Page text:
Hurdles Remain for Lung Cancer Screening Programs

August 13, 2018
Dave Levitan

Low-dose CT screening for lung cancer is recommended for certain individuals, but two new studies highlight some of the limitations and growing pains of a screening program.

Screening for lung cancer using low-dose computed tomography (LDCT) is now recommended for certain individuals based on their smoking history, but two new studies highlight some of the limitations and growing pains of a lung cancer screening (LCS) program. In one, an analysis of conversations between patients and clinicians suggests the recommended “shared decision making” (SDM) model may not be working in practice, while another found a much higher rate of lung cancer overdiagnosis than in previous trials. Both studies were published in JAMA Internal Medicine.

“Although experts disagree on how well the existing evidence suggests an overall net benefit of LCS, consensus has emerged on the importance of shared decision making,” wrote authors of the first study including Daniel S. Reuland, MD, MPH, of the University of North Carolina School of Medicine in Chapel Hill. The US Preventive Services Task Force recommends that screening should not be initiated without SDM involving a thorough discussion of benefits and harms, and the Centers for Medicare & Medicaid Services (CMS) requires an SDM visit before it will cover LCS.

The researchers conducted an analysis of 14 transcribed conversations between physicians and patients presumed to be eligible for LCS that took place between 2014 and 2018. They evaluated these conversations using the OPTION scale (Observing Patient Involvement in Decision Making), where a score of 0 indicates no evidence of SDM and a score of 100 would indicate SDM at the highest skill level.

Nine of the patients were women, and the mean patient age was 63.9 years. Half the cohort were enrolled in Medicare, and eight patients were current smokers. The discussions were had with pulmonologists (eight patients) and with primary care physicians (six patients). The mean total OPTION score for the 14 conversations was only 6, on the scale from 0 to 100 (5 for pulmonologists, 7 for primary care physicians).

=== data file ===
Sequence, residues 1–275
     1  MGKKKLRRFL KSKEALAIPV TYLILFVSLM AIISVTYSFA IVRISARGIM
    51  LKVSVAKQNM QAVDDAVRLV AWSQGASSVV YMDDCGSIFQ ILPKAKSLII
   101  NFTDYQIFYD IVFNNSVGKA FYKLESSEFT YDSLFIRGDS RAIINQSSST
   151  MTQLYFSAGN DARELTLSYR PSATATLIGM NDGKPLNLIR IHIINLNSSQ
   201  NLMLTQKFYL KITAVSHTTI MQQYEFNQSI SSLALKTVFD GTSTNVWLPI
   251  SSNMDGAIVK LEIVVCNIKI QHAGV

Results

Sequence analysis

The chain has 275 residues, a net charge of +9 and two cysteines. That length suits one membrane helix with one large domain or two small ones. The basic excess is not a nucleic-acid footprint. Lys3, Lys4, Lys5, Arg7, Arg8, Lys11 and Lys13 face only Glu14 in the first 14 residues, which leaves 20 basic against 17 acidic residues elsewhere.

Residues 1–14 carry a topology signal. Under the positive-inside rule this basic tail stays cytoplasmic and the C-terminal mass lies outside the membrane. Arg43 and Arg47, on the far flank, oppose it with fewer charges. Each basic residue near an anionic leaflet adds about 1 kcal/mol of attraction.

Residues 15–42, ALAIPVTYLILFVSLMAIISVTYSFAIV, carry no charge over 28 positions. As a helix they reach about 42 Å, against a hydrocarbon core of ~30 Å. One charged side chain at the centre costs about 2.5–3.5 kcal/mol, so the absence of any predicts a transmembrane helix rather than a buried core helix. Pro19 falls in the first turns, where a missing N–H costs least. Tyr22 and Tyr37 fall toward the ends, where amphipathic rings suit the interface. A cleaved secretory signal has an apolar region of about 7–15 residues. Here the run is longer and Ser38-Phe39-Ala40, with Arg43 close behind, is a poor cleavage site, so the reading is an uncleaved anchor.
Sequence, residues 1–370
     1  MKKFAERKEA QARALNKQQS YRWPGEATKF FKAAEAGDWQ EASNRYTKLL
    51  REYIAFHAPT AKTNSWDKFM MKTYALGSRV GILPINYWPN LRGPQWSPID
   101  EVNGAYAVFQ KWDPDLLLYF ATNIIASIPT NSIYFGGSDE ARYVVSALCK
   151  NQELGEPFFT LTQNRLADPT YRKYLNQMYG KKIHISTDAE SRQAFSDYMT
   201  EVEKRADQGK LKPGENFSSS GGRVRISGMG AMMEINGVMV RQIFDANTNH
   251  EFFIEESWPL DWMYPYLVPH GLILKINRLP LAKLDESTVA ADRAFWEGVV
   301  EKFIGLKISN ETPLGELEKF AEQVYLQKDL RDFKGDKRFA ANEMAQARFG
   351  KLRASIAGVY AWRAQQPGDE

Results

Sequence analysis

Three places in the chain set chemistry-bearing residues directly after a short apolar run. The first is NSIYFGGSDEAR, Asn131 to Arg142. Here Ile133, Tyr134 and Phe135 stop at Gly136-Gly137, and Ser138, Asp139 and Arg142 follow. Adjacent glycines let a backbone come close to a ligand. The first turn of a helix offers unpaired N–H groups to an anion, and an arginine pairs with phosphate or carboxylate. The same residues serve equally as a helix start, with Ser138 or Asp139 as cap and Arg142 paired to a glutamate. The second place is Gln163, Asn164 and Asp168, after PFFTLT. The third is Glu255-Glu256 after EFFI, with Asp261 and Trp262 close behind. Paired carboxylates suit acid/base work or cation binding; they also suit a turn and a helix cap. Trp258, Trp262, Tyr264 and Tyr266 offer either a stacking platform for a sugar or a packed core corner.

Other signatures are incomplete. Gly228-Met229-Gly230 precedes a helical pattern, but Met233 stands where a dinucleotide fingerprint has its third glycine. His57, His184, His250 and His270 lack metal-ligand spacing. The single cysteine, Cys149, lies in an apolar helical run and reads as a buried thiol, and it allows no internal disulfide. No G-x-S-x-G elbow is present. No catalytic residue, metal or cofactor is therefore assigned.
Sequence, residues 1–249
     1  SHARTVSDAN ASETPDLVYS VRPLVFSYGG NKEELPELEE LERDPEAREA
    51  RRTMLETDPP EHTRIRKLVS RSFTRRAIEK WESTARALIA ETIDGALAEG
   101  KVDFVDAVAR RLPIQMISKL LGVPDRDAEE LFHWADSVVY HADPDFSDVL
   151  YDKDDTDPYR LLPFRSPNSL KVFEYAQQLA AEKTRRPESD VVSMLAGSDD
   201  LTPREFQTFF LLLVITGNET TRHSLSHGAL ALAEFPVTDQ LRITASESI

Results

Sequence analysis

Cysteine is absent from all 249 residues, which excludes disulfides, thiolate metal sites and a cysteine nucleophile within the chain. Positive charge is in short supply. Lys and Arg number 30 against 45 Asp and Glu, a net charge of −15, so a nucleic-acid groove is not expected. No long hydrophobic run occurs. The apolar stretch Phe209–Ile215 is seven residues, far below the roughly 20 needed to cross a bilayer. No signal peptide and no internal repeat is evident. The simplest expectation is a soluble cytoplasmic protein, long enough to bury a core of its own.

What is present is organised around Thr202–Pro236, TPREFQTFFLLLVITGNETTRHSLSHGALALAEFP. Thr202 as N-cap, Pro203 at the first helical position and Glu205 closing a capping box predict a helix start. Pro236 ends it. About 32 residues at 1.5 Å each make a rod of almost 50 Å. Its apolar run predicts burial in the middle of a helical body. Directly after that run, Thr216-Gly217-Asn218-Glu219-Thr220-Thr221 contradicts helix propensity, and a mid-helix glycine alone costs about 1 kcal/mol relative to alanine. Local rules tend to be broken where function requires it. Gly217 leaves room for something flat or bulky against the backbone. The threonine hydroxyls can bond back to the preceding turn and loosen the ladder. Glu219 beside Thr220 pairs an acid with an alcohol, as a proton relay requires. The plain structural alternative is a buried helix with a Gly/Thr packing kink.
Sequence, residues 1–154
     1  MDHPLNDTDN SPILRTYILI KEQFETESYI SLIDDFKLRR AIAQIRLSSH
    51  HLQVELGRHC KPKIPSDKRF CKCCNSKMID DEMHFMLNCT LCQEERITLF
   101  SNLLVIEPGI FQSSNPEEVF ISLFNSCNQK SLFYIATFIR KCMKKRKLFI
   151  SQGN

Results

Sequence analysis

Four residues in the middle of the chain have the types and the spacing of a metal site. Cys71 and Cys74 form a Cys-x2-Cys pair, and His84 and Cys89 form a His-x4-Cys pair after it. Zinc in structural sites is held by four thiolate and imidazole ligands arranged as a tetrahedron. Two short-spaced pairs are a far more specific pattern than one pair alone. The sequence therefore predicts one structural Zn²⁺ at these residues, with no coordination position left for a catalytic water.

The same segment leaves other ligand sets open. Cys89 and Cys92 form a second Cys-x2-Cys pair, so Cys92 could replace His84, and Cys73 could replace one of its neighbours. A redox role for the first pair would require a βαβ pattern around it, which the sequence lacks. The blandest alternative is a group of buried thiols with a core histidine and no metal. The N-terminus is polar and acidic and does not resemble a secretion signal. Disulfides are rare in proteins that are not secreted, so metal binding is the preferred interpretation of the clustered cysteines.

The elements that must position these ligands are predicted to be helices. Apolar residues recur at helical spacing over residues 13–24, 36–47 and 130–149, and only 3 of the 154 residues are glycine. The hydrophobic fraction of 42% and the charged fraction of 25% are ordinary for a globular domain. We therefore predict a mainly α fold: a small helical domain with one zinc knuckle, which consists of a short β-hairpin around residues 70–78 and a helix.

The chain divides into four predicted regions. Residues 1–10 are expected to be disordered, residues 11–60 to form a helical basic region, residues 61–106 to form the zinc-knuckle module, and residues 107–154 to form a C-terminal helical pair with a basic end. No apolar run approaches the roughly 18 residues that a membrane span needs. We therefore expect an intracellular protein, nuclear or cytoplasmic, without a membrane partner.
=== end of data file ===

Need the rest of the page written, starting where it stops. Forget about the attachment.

None of the conversations met what are considered the minimum skill criteria for 8 of 12 SDM behaviors. The physicians recommended LCS in every conversation, and there was essentially no discussion of potential harms of screening, such as false positives. The mean time spent discussing LCS was 59 seconds, out of a mean visit length of 13:07 minutes.

“Communications about actual harms and benefits of tests and treatments should be a part of the fabric of medicine, which will require continued work on medical education, culture, communication skills, and payment policies,” wrote Rita F. Redberg, MD, MSc, of the University of California, San Francisco, in an accompanying editorial. “This study highlights the important work ahead of us in having informed discussions with patients.”

In the other study, researchers analyzed overdiagnosis rates based on data from the Danish Lung Cancer Screening Trial (DLCST). Previously, the National Lung Cancer Screening Trial (NLST) estimated an overdiagnosis rate of 18.5%, while the Italian Lung Cancer Screening Trial found no evidence of overdiagnosis. The term refers to cancers that appear to be invasive malignant tumors, but grow so slowly that they never would become clinically relevant; increasing biopsy rates and more sensitive screening tests can cause overdiagnosis.

In the new analysis of the 4,104 patients in the DLCST, a total of 96 patients in the screening group were diagnosed with lung cancer (64 detected by screening) compared with 53 patients in the control group who were not screened. The overdiagnosis rate was calculated based on the ratio between the difference in cumulative incidence of lung cancer in the screened and control groups 5 years after the last screening and the cumulative incidence of screen-detected cancers. In this analysis, the overdiagnosis rate was 67.2%.

“Overdiagnosis is an often underappreciated harm of screening,” wrote Mark H. Ebell, MD, MS, of the University of Georgia, and Kenneth W. Lin, MD, MPH, of Georgetown University Medical Center, in an invited commentary. They noted the importance of the SDM model with regard to this result as well. “Patients can make informed choices about LDCT only if practitioners fully disclose all the potential harms of screening, including the risk of overdiagnosis,” they wrote. “It will be important for researchers to continue to refine estimates of lung cancer overdiagnosis, allowing physicians to provide more accurate information to our patients.”

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